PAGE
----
Driven by integrating school learning with real-life situations, problem based learning (PBL) is recognized as an approach to instructional delivery in education. According to Wilkerson and Gijselaers, (1996), this instructional strategy is characterized by student-centered approach, where teachers act as "facilitators rather than disseminators," and "ill-structured" problems serve as the initial stimulus and structure for learning. In PBL, students work in groups and teacher facilitates the groups during a tutorial process (McPhee, 2002; Hmelo-Silver, 2004). Deo, (2013) states that a typical PBL tutorial consists of a group of students, usually 8 to 10 and a teacher, who facilitates the lesson.
Initially, PBL appeared to be of interest exclusively in medical education. However, at present it is well recognized and has been implemented in educational programs in a variety of disciplines. A web-based report indicates that, there has been a strong trend of acceptance toward the use of PBL by many successful and progressive universities across the world (Acs distance education, 2015). Studies on PBL are in diverse dimensions covering areas such as student learning, student roles, instructor roles, problem design and use of technology (Hung, et al., 2008). Among others, PBL has been compared with the traditional education system and in most cases PBL is reported to be better in terms of long-term retention, skill development, satisfaction of students and teachers (Strobel, and van Barneveld, 2009). Research indicate that graduates from this form of education consistently achieve better and progress faster in their careers than graduates from comparable traditional classroom based education (Acs distance education, 2015). Nonetheless, achieving success in PBL does not come by chance. An essential component that allows successful PBL environments is the problem itself. According to Kukkamalla, et al., (2011) ineffective problem design results in failure of the learning process. Therefore, to design credible problems in PBL, facilitators' industrial experiences and exposure to real-world phenomena are required (Tik, 2014).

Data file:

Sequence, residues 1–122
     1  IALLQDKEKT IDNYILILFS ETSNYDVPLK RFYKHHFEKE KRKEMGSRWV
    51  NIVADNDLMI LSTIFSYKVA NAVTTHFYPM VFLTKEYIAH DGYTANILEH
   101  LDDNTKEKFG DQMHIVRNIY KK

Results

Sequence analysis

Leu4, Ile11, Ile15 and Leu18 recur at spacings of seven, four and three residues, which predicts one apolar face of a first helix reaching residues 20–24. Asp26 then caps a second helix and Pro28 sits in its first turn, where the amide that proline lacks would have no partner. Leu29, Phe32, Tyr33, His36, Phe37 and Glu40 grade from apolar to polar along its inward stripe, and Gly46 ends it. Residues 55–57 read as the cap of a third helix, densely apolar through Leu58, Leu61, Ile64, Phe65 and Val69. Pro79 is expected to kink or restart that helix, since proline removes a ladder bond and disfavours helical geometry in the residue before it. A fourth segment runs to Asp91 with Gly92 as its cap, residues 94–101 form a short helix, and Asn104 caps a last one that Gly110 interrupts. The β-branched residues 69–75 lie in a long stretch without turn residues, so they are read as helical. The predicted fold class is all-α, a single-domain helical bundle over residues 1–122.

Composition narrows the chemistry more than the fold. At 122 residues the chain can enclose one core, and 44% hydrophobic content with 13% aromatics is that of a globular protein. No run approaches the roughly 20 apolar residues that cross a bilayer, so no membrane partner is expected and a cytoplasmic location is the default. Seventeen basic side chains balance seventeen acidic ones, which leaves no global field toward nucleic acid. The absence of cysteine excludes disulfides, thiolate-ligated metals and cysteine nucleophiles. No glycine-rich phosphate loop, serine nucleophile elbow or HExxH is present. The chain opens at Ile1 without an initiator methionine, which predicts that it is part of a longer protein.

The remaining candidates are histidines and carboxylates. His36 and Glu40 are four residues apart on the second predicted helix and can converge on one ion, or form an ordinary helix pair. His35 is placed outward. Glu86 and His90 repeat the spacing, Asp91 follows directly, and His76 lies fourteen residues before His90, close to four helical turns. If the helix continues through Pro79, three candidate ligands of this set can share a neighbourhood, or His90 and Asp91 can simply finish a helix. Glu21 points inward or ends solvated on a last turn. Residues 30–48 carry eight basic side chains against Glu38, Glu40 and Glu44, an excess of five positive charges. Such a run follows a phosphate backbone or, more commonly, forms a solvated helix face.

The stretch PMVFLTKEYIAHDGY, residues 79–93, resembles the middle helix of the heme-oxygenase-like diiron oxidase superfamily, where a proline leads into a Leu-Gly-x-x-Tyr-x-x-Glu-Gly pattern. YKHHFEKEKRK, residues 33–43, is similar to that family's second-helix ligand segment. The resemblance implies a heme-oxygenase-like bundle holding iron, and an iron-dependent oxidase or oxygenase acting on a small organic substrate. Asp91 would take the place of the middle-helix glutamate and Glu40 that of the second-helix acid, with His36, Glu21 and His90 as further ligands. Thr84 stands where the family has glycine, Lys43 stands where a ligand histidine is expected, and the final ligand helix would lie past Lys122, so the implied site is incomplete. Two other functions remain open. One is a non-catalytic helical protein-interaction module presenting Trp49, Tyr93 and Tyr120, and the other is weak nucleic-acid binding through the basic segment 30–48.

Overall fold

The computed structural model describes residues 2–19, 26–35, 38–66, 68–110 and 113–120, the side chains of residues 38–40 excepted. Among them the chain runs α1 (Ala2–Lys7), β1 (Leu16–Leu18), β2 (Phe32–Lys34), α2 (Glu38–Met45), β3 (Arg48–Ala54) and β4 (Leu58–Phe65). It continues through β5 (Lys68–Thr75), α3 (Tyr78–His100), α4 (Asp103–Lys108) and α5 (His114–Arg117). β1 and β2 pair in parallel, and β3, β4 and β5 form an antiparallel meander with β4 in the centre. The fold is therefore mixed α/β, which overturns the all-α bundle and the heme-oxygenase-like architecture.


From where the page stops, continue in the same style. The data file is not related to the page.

Introducing PBL into an institution's curriculum has several implications. Both human and infrastructural resources must be provided to allow effective leaning environments. Deo, (2013) proposed two main types of human resources required in PBL: first "facilitator" who is sufficiently trained in PBL processes and has acquired competencies in facilitation and management of group dynamics and secondly, "content expert" or "subject expert" who posses' specialization in the concerned discipline. Additionally, Coelho (2014) established that good facilitation requires proficiency in understanding the concepts behind learning theories. In PBL environments, students have access to infrastructural resources such as tutorial rooms equipped with technologies and electronic devices including interactive white boards, projectors, computers, internet, television, and telephones (Deo, 2013; Mathews-Aydinli, 2007). Moreover, other resources including books, magazines, brochures, newspapers among others are provided for students (Mathews-Aydinli, 2007).
Whilst several universities have adopted PBL and have their names recorded as part of its history, literature on PBL in the context Ghanaian universities is limited. This has brought about uncertainties as to whether universities in the country are using this educational pedagogy. In this paper, we aim to outline the experiences and review the resources that are inclined to the environments of PBL in the setting of the Kwame Nkrumah university of Science and Technology (KNUST). A study in this regard is important to the university community and to the nation at large. The managers of the university and stakeholders need to better understand the PBL capabilities among students and teachers to...